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Map of the EU and Aspirant Countries
Source: Delegation of the European Union to the United States, “On the Path to EU Membership: The EU Enlargement Process,” EU Insight, December 2010; adapted and updated by CRS.
Does the EU Have a Foreign Policy?
The EU has a Common Foreign and Security Policy (CFSP), in which member states adopt common policies, undertake joint actions, and pursue coordinated strategies in areas in which they can reach consensus. CFSP was established in 1993; the eruption of hostilities in the Balkans in the early 1990s and the EU’s limited tools for responding to the crisis convinced EU leaders that the Union had to improve its ability to act collectively in the foreign policy realm. Previous EU attempts to further such political integration had foundered for decades on member state concerns about protecting national sovereignty and different foreign policy prerogatives.
CFSP decision-making is dominated by the member states and requires the unanimous agreement of all 28. Member states must also ensure that national policies are in line with agreed EU strategies and positions (e.g., imposing sanctions on a country). However, CFSP does not preclude individual member states pursuing their own national foreign policies or conducting their own national diplomacy.
The EU provides financial assistance to candidate and potential candidate countries and helps them reform and adapt their institutions and legislations. Financial assistance takes the form of projects on the ground following phases of programming and contracting. Hundreds of projects are being carried out across all sectors, countries and regions.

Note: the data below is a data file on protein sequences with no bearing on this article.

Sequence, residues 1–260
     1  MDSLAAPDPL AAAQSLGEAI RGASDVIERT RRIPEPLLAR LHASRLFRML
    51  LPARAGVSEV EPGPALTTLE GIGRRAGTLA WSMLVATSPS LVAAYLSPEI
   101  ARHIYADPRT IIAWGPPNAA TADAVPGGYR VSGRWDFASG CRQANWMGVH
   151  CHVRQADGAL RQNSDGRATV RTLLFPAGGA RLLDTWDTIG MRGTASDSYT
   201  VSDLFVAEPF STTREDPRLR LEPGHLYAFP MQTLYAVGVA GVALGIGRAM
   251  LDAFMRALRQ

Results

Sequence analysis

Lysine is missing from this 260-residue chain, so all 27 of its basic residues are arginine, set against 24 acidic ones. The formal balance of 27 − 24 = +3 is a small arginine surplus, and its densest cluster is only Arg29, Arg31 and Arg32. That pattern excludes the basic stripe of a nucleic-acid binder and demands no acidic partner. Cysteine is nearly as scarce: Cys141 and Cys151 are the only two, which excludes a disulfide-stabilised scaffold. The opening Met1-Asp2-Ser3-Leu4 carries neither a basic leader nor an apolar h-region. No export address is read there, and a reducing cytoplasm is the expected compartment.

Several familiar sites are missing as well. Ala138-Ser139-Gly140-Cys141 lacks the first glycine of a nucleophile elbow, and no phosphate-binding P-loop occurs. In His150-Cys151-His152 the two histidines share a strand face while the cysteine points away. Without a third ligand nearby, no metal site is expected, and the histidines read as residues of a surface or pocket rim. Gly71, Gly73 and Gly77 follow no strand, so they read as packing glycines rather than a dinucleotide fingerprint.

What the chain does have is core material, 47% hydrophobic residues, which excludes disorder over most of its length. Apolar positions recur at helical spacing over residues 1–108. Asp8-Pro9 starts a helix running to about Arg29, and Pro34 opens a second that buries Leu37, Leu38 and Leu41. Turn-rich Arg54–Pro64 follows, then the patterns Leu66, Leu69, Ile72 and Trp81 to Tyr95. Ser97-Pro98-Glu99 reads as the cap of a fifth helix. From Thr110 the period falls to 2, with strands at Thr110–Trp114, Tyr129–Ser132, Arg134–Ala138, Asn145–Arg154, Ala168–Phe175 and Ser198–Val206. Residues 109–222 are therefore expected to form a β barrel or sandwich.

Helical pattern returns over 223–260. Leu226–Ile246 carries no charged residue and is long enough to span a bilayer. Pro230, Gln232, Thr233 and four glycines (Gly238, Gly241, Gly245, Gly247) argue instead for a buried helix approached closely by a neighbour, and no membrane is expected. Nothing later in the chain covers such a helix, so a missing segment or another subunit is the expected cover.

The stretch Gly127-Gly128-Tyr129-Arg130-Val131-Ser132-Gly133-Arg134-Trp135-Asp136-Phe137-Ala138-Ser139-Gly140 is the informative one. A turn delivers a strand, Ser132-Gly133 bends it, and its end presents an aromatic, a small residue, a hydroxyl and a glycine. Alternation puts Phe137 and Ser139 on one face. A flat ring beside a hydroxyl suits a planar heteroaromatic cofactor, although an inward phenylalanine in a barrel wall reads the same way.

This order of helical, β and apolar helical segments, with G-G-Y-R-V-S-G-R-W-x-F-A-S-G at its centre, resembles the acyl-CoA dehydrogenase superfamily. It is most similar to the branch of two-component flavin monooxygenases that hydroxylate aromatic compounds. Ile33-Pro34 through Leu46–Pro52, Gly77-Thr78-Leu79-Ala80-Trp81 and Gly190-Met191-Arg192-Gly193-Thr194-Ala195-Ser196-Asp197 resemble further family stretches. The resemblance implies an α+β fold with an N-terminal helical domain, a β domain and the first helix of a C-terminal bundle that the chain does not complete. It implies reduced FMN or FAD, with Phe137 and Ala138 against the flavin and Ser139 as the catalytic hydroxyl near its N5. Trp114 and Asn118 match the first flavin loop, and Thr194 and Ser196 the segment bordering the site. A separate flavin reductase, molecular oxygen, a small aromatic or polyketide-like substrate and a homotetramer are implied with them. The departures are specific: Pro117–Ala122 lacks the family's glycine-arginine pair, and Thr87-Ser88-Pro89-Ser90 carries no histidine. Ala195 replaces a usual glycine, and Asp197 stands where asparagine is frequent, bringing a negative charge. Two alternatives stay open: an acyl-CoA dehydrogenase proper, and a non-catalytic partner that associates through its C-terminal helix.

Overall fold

Democratization in Kosovo
Kosovo had a different transition compared to other former communist countries after the fall of communism in the region that influenced the development of pluralism and democratization of the political party. This influence determined Kosovo’s different path for many reasons, but the main ones can be attributed to changes in the political, social and economic environment in Kosovo after the constitutional changes imposed by the Milošević regime. The initial demands of most of the political groups were a repetition of the previous ones for republic status for Kosovo within SFRY, yet they quickly shifted towards the struggle for full independence following similar developments in Slovenia and Croatia. All parties supported the establishment of a democratic system with free elections and the protection of minorities’ rights. In the ‘shadow’ elections in 1990 (that were considered illegal by the government in power in Kosovo) the party led by Ibrahim Rugova, of the Democratic League of Kosovo (LDK) won the absolute majority of the votes. The government that was established operated mainly from abroad, soon to be known as the government in exile. Rugova’s government was limited to some level of control and organization of the education and health care sector, funded on a voluntarily basis through a symbolic tax collected in Kosovo diasporas. (9)